In total contrast with this, Tantra expressly goes the kundalini way. It is not for a layman (with respect to spiritual practices of course). It needs training of senses, basic understanding of the mechanism of mantra or subtle body dynamics, and quite a few other things. Which means it is for an advanced and serious sadhaka. In Tantra there is no hesitation about any method, for the same reason. The tantric yogi is not implicit about muladhara, the way smarta practitioners are. Whether it is sexual or any other natural phenomenon he makes it a tool in sadhana unlike the way common man is trained in the pauranika/popular religion.

Therefore we should remember that its practices are meant for a trained man, while doing a comparison between Tantric and other practices.

Theology

Development of theology is another important subject.

The major devatas worshiped are same in all the Astika traditions, though in different forms and in different methods. The Vedic devatas like Indra are found in the early Tantric texts. The later forms are of Vishnu, Siva, Sakti, Ganapati, Kali and so on. Their tatva is established in Veda however they developed into wide schools subsequently in the Puranic and Tantric literature.

For example the Tatva of Rudra is described similarly in Veda as well as subsequent literature – Purana and Tantra. However we can observe that Rudra, Vishnu become Pradhana devatas in Purana and are not just their Vedic tatvas but more than that. They become “complete” Gods or Isvara, all other Devatas are whose aspects. Thus Sri Maha Vishnu of Purana is Vishnu of Veda, along with aspects of Aditya, Suparna and Indra. (For instance Suparna’s Vamanatva and Trivikramatva are explained in Vamana Avatara of Vishnu, His bird-form assumes Garuda, the vehicle of Vishnu.). Similarly Siva as described in Purana is Rudra of Veda, along with aspects of Soma, Vayu and Indra. Devi tatva as explained in Purana and Tantra, is found in Aditi and the nature of Agni in Veda.

Further, Aditi is the prototype of Bhuvaneswari, the Sakta Maha Vidya. Also, the central beeja of Bhuvaneswari Vidya, the Hrillekha, is the one of Aditya loka. Besides, Bhuvaneswari tatva underlies most of the Sakta Vidyas. Devi also has close resemblance to Agni of the Veda, as the Iccha Sakti (Lalita Upakhyana).

The Mantra Vidyas for various devatas that smartas worship are found in Veda as well as Tantra. Further, some of the central mantras of Tantric Vidyas are directly Vedic verses – for example Pasupata, Mrutyujnaya, Jatavedasi Durga.

In Veda there is a distinction between devata tatva/mantra and application. That Tantra has more to do with practice, is evident from the fact that even the main mantra portion in Tantra contains beejas that are primarily meant for application - hum, phat, vashat, bhindi, chindi, vicce, svaha, vashat etc. In Veda the "application" or "prayoga" beejas are found more in non-samhita portion. Their presence in samhita is minimal. Besides Samhita, we find the compositions of Mantra Vidyas in the Brahmana, to some extent in Upanishads, and in Kalpa Sutras.

Mahanyasa Khanda of Baudhayana is a classic example of the usage of Vedic mantras in the “tantric” way. Many of these compositions/verses such as Ajapa are found in Tantras too.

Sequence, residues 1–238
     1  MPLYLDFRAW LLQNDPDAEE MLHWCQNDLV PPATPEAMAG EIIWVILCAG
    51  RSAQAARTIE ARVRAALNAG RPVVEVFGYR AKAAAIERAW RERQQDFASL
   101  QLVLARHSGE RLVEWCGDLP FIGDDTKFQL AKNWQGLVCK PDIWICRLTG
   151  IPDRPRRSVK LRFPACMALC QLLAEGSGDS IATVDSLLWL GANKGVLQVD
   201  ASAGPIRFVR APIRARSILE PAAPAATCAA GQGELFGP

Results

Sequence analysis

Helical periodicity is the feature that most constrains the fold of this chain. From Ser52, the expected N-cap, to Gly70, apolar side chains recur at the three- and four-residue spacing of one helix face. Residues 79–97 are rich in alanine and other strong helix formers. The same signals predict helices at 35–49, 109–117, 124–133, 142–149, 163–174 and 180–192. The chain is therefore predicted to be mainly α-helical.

The form and qualities of Devata are determined by the beejas used in the Mantra. Once the tatva of the Devata is established, the same Devata is worshiped in multiple forms – those are variants of the mula, additions of beejas that determine those forms. For instance Siva – is worshiped in forms like Bhairava, Dakshinamurty, Pasupati, Mrutyunjaya, Isana and so on. Each of these, is in turn a set of Vidyas – there are multiple forms of Bhairava and so on. It is in Tantra texts that we find the ocean of Vidyas in each of these. However they are worshiped across traditions, and not exclusively by “Tantrics” or “Smartas”.

In case of Vaishnava Agamas, one can clearly see that the texts are not a “different school” from the Veda, but those that serve the purpose of worshiping the same “Vedic Gods”, by elaborating the upasana methodology and philosophy, expound the methods and procedures for idols and temples, and so on – in short the whole subject of practice of worship of the Devatas. This applies in general to any Tantric text.

However in Sakta, we can observe that this is not totally true. Sakta Tantras have practices that are not just developed within the framework of Vedic society, but outside it too. Some of the Devatas like Gauri, Durga and Bhadra Kali are found directly in Vedic literature. Some forms like Tripura Sundari are found in Puranic as well as Tantric literature. However there are also Vidyas like Tara that are specific to Sakta Tantra. It is said that Taresi Vidya is an import from Bauddha. Besides, the practices like Ceena krama, Maha Ceena krama and Divya Ceena krama in Vamacara, as their names suggest, are imports.

But the fact remains that Bauddha is not exclusive or totally separate from Sanatana Dharma when it comes to practices – there are overlapping vidyas and practices in these and exchanges too. And the practices as such, are “practices” – there does not have to be a change of world view for those practices to be a part of Sakta – it has not made Sakta Tantra anything that the Astika darsanas are not.